It’s remarkable that whenever you read an article about Yemen in the mainstream media, the central role of Saudi Arabia and the United States in the tragedy is glossed over or completely ignored. A recent Washington Post article purporting to tell us “how things got so bad” explains to us that, “it's a complicated story” involving “warring regional superpowers, terrorism, oil, and an impending climate catastrophe.”
No, Washington Post, it’s simpler than that. The tragedy in Yemen is the result of foreign military intervention in the internal affairs of that country. It started with the “Arab Spring” which had all the fingerprints of State Department meddling, and it escalated with 2015’s unprovoked Saudi attack on the country to re-install Riyadh’s preferred leader. Thousands of innocent civilians have been killed and millions more are at risk as starvation and cholera rage.
We are told that U.S. foreign policy should reflect American values. So how can Washington support Saudi Arabia — a tyrannical state with one of the worst human rights record on earth — as it commits by what any measure is a genocide against the Yemeni people? The U.N. undersecretary-general for humanitarian affairs warned just last week that Yemen faces "the largest famine the world has seen for many decades with millions of victims." The Red Cross has just estimated that a million people are vulnerable in the cholera epidemic that rages through Yemen.
And why is there a cholera epidemic? Because the Saudi government — with U.S. support — has blocked every port of entry to prevent critical medicine from reaching suffering Yemenis. This is not a war. It is cruel murder.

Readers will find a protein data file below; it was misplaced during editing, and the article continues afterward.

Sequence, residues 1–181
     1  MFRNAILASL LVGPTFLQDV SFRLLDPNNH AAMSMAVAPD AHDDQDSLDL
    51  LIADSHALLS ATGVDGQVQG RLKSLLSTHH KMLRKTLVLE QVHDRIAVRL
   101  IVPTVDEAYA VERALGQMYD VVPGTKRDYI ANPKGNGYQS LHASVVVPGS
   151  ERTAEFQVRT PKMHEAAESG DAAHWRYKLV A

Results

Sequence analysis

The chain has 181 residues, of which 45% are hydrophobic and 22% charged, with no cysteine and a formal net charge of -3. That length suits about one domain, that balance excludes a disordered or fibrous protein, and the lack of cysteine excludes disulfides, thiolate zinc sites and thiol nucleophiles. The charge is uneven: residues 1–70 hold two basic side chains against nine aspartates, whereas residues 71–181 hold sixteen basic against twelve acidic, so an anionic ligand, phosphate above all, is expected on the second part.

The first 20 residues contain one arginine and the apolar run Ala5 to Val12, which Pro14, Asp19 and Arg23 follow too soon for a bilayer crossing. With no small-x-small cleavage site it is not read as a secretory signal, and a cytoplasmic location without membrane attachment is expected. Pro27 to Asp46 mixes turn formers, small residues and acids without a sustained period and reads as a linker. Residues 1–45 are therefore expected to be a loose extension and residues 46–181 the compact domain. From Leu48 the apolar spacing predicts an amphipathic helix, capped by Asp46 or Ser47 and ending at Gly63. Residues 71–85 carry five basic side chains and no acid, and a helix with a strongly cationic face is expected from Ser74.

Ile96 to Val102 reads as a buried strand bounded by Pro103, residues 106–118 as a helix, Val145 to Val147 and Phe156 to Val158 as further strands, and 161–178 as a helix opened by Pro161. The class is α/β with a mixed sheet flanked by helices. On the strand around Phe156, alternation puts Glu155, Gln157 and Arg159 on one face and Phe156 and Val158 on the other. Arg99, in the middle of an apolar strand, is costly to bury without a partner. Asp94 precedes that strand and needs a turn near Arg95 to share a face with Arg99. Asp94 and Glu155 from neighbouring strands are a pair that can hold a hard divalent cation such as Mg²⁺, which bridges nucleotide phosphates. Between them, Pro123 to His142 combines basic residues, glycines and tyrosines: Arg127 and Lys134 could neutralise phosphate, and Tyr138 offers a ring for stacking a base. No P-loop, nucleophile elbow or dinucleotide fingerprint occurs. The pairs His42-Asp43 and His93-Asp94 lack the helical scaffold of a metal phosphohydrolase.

The United States is backing Saudi aggression against Yemen by cooperating in every way with the Saudi military. Targeting, intelligence, weapons sales, and more. The U.S. is a partner in Saudi Arabia’s Yemen crimes.
Does holding hands with Saudi Arabia as it slaughters Yemeni children really reflect American values? Is anyone even paying attention?
The claim that we are fighting al-Qaeda in Yemen and thus our involvement is covered under the post-9/11 authorization for the use of force is without merit. In fact it has been reported numerous times in the mainstream media that U.S. intervention on behalf of the Saudis in Yemen is actually a boost to al-Qaeda in the country. Al-Qaeda is at war with the Houthis who had taken control of much of the country because the Houthis practice a form of Shi’a Islam they claim is tied to Iran. We are fighting on the same side as al-Qaeda in Yemen.
Adding insult to injury, the U.S. Congress can’t be bothered to even question how we got so involved in a war that has nothing to do with us. A few conscientious Members of Congress got together recently to introduce a special motion under the 1973 War Powers Act that would have required a vote on our continued military involvement in the Yemen genocide. The leadership of both parties joined together to destroy this attempt to at least get a vote on U.S. aggression against Yemen. As it turns out, the only Members to vote against this shamefully gutted resolution were the original Members who introduced it. This is bipartisanship at its worst.
U.S. involvement in Saudi Arabia’s crimes against Yemen is a national disgrace. That the mainstream media fails to accurately cover this genocide is shameful. Let us join our voices now to demand that our U.S. Representatives end U.S. involvement in Yemen immediately!
Ron Paul is a physician, author, and former Republican congressman. Paul also is a two-time Republican presidential candidate, and the presidential nominee of the Libertarian Party in the 1988 U.S. presidential election. His latest book is “Swords into Plowshares." For more of Ron Paul's reports, Go Here Now.
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